To make a Digital Tutor work, learners must be highly motivated with a clear, direct use case. The results presented are limited to highly intensive training programs, and may not translate to other teaching settings. Nevertheless, the results of the DARPA project give us hope that Digital Tutors have the potential to bring sci-fi into reality.


[1] B.S. Bloom. 1982. The 2 sigma problem: The search for group methods of instruction as effective as one-to-one tutoring. Educational Researcher. https://web.mit.edu/5.95/www/readings/bloom-two-sigma.pdf

[2] J.D. Fletcher and J.E. Morrison. 2014. Accelerating Development of Expertise. Institute for Defense Analyses. https://apps.dtic.mil/sti/pdfs/AD1002362.pdf

[3] J.D. Fletcher. 2010. DARPA Education Dominance Program: April 2010 and November 2010 Digital Tutor Assessments. https://apps.dtic.mil/sti/pdfs/ADA542215.pdf

[4] J. Buridan. 2020. DARPA Digital Tutor: Four Months to Total Technical Expertise? Less Wrong. https://www.lesswrong.com/posts/vbWBJGWyWyKyoxLBe/darpa-digital-tutor-four-months-to-total-technical-expertise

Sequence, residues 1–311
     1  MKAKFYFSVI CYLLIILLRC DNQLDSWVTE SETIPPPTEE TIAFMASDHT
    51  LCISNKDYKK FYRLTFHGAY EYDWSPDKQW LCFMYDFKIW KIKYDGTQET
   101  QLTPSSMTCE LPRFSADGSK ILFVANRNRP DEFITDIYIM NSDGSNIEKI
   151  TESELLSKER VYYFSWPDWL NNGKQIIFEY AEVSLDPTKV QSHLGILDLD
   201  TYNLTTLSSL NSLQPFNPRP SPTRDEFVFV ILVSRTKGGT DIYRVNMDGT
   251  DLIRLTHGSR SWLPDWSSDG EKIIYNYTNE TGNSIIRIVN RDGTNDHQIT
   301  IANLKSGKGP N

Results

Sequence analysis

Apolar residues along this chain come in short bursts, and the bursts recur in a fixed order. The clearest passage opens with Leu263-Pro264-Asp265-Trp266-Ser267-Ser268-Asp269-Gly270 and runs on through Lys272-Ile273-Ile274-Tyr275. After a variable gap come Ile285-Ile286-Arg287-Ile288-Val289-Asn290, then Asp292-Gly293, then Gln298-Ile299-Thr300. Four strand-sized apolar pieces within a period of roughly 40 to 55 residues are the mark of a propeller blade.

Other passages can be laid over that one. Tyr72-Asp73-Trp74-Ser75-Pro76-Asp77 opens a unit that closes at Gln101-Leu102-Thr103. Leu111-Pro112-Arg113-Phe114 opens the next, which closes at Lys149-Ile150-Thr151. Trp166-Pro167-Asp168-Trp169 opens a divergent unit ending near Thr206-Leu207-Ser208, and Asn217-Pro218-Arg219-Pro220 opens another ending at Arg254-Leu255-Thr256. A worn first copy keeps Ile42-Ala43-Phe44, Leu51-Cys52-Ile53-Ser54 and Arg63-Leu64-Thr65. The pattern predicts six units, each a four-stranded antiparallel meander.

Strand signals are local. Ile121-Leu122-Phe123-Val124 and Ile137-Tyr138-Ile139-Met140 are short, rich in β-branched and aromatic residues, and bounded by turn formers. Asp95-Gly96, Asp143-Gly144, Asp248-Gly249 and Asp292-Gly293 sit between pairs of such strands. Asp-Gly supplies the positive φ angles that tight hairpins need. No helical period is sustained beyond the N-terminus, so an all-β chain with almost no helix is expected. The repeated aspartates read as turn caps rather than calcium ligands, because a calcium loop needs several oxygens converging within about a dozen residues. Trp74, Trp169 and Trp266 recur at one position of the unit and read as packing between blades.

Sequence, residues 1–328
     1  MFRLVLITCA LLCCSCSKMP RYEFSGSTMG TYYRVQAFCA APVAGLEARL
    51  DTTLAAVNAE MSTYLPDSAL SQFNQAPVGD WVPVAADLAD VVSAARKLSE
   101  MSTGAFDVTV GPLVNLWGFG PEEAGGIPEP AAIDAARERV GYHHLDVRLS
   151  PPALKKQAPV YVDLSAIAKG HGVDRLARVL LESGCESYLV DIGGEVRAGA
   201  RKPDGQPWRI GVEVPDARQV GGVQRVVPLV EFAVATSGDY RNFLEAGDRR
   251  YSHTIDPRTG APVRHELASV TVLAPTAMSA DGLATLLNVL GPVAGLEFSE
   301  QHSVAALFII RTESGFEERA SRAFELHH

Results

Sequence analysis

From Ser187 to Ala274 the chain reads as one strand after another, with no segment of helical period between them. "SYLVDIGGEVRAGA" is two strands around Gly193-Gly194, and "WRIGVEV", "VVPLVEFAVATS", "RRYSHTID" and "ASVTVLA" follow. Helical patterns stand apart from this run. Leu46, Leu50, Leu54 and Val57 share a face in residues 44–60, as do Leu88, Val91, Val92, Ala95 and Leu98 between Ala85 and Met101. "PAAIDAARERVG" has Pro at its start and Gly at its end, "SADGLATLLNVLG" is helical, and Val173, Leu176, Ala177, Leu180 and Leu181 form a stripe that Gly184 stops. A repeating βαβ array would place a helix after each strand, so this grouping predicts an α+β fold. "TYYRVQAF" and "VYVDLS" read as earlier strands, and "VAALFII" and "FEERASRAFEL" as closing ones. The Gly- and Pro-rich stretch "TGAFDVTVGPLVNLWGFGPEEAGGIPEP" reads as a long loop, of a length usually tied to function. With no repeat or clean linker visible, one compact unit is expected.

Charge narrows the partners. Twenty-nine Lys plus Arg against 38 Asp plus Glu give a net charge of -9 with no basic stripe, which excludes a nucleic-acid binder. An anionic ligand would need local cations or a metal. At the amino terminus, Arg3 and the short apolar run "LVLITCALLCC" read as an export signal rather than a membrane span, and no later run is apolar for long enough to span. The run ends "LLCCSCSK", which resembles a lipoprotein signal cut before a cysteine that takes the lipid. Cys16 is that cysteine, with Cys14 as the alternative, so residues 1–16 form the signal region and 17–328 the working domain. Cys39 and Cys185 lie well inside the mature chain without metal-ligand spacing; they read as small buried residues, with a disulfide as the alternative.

[5] V. Goel and M. Rich, 2015. Facebook Takes a Step Into Education Software. New York Times. https://www.nytimes.com/2015/09/04/technology/facebook-education-initiative-aims-to-help-children-learn-at-their-own-pace.html

[6] S. Edelman. 2018. Brooklyn students hold walkout in protest of Facebook-designed online program. New York Post. https://nypost.com/2018/11/10/brooklyn-students-hold-walkout-in-protest-of-facebook-designed-online-program/

[7] A. Johnson. 2018. Parents dissatisfied with Kettle Moraine Middle School planning to start a school of their own. Milwaukee Journal Sentinal. https://eu.jsonline.com/story/communities/lake-country/news/2018/11/21/parents-dissatisfied-education-km-middle-school-looking-start-school-their-own/2055401002/

[8] V. Strauss. 2018. Why parents and students are protesting an online learning program backed by Mark Zuckerberg and Facebook. Washington Post. https://www.washingtonpost.com/education/2018/12/20/why-parents-students-are-protesting-an-online-learning-program-backed-by-mark-zuckerberg-facebook/

[9] ****M. Csikszentmihalyi. (1990). Flow: The Psychology of Optimal Experience. Journal of Leisure Research. https://www.tandfonline.com/doi/abs/10.1080/00222216.1992.11969876